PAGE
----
“The Word became flesh and made His dwelling among us.” That wasn’t the first time, though it was the final, the last, and the eternal time. For, the LORD had always dwelt among His people in various ways. Of course, in the Garden, before the Fall of our First Parents, God dwelt with them, walking and talking with them, in the cool of the evening. But, after the Fall, man could no longer abide in God’s holy presence, lest he be destroyed in the face of His holiness and righteousness. Therefore, it was in mercy that the LORD banished the man and the woman from the Garden that they might not eat again from the Tree of Life and live in eternal separation from God and His presence. However, before He sent them packing, the LORD sacrificed an innocent beast and shed its innocent blood that He might clothe Adam and Eve’s nakedness and cover their sin until time was full and He would send His only-begotten Son into the flesh to be the sacrificial Lamb of God’s offering that would take away the sin of the world.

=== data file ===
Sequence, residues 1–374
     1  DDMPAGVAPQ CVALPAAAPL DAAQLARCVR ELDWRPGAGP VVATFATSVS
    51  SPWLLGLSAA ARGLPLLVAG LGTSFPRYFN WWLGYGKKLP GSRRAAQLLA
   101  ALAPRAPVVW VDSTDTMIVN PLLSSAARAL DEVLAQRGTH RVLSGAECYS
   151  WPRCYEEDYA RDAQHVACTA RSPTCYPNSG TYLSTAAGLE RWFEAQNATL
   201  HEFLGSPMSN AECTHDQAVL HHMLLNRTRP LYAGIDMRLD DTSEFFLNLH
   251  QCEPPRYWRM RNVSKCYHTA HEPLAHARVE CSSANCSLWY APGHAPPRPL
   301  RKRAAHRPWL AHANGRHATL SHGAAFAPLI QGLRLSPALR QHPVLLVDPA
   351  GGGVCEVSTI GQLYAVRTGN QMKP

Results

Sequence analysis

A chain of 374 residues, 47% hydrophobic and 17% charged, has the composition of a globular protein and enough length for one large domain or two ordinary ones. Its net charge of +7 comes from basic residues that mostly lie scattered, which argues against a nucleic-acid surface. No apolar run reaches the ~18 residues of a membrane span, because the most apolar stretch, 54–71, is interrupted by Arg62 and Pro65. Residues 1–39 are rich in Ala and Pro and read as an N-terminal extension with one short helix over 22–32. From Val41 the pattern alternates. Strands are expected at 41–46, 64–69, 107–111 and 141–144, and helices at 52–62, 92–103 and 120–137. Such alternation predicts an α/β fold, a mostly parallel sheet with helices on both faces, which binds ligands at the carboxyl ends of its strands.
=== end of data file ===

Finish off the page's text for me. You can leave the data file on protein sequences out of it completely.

The shedding of innocent blood and the covering with skin, with flesh, is a key Old Testament type of the Incarnation of the Son of God, the Word made flesh and dwelling among us. The innocent blood and the fleshly covering are typological symbols of what would be necessary to reconcile God in His relationship with humanity. Innocent blood, blood that is not corrupted and tainted with the stain of sin, must be shed and must cover, atone for, and wash away the sin of men. Innocent flesh, holy and righteous flesh, must cover sinful men, and incorporate them into the New Man, the Second Adam, the Son of God, Jesus Christ, with whom the LORD God is fully pleased.